Municipalities right across the northwest, towns that are based on resource development and have been for generations, understand the extractive economy but know that the risks of what Enbridge is proposing, which is supported by the Conservative government, is wrong. From Prince Rupert and Haida Gwaii, to Terrace, to the site in Kitimat where this pipeline is supposed to land, to Smithers, Hazelton, and on down the line, communities have passed resolutions at the municipal level against this project.
One would think all this would matter to the Conservatives across the way, but not as yet. They have not quite been able to hear their constituents. They have not quite been able to hear the people of British Columbia, who just last year were polled on supertankers off the north coast, and 80% said no. A small indication to my Conservative colleagues is that one in five British Columbians who voted Conservative in the last election said they would switch their vote.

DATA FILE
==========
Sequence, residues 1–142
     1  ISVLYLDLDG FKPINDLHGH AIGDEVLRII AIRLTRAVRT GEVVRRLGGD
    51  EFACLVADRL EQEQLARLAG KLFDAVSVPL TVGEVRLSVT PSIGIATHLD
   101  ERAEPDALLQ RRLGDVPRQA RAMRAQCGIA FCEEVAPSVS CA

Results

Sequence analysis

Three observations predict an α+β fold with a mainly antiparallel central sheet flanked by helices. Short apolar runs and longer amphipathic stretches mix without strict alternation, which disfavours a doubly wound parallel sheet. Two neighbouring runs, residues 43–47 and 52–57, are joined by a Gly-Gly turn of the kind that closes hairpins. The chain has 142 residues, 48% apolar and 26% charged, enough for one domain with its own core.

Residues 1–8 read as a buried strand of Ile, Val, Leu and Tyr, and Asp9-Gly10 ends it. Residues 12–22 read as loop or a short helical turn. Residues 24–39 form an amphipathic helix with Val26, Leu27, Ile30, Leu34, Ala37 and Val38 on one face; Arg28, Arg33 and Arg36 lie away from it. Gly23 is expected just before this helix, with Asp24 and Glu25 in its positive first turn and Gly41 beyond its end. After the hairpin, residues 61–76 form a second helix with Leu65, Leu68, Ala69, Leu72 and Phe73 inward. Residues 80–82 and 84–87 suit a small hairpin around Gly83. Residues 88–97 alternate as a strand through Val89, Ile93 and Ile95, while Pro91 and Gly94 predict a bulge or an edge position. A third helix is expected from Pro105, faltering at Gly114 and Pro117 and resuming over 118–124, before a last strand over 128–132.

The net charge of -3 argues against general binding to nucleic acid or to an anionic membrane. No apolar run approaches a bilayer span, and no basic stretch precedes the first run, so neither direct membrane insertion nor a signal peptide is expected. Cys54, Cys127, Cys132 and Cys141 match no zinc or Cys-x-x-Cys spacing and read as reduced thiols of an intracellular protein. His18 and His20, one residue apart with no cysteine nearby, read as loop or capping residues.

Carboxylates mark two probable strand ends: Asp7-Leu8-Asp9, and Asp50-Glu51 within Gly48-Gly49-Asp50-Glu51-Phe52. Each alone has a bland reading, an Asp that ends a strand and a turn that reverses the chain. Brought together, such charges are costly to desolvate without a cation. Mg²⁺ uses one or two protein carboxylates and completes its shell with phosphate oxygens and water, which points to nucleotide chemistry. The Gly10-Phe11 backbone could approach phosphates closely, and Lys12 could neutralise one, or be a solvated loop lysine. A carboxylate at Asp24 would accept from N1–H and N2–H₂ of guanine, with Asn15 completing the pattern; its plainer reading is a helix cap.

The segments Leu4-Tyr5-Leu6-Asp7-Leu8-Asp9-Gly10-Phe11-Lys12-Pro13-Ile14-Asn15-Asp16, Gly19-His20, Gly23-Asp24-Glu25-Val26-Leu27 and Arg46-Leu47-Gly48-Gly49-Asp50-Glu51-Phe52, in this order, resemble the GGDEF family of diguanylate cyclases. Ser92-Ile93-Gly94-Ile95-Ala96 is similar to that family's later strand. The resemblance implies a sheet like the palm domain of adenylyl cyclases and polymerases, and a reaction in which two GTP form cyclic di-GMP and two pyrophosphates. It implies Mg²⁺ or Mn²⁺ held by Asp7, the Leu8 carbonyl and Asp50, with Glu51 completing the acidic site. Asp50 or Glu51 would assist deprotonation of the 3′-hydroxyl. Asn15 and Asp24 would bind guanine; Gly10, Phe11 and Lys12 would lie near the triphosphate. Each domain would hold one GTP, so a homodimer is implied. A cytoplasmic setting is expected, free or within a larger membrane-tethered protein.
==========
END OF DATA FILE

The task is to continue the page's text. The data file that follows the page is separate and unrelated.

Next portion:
If we cannot make an economic argument the Conservatives are willing to listen to, which is that raw exports are bad for the Canadian resource economy, if we cannot make a moral argument about standing against people who have presented their voices in calm and peaceful ways, if we cannot make the legal argument that this thing is not going to go through the objections of first nations, who just recently proved their case at the Supreme Court through the Tsilhqot’in decision that rights and title must be honoured, if we cannot convince the Conservatives on any of those fronts, then certainly we can convince them of the politics, because that is something the Prime Minister claims to pay a lot of attention to.
I can remember the day the Conservatives gave their tacit approval to this pipeline. Lord help the media who were out there trying to get one Conservative MP from British Columbia to make one comment about how enthusiastic he or she was about this pipeline. They could not find a one. They did find one, actually, after a few days of hunting, and his message was, “Do not worry, this pipeline will not be built anyway”. What kind of government operates this way? What kind of integrity is this? What happened to standing up for Canada?
The threat is real when a government has so lost its way that it feels it does not derive its power, authority, and legitimacy from the people of this country.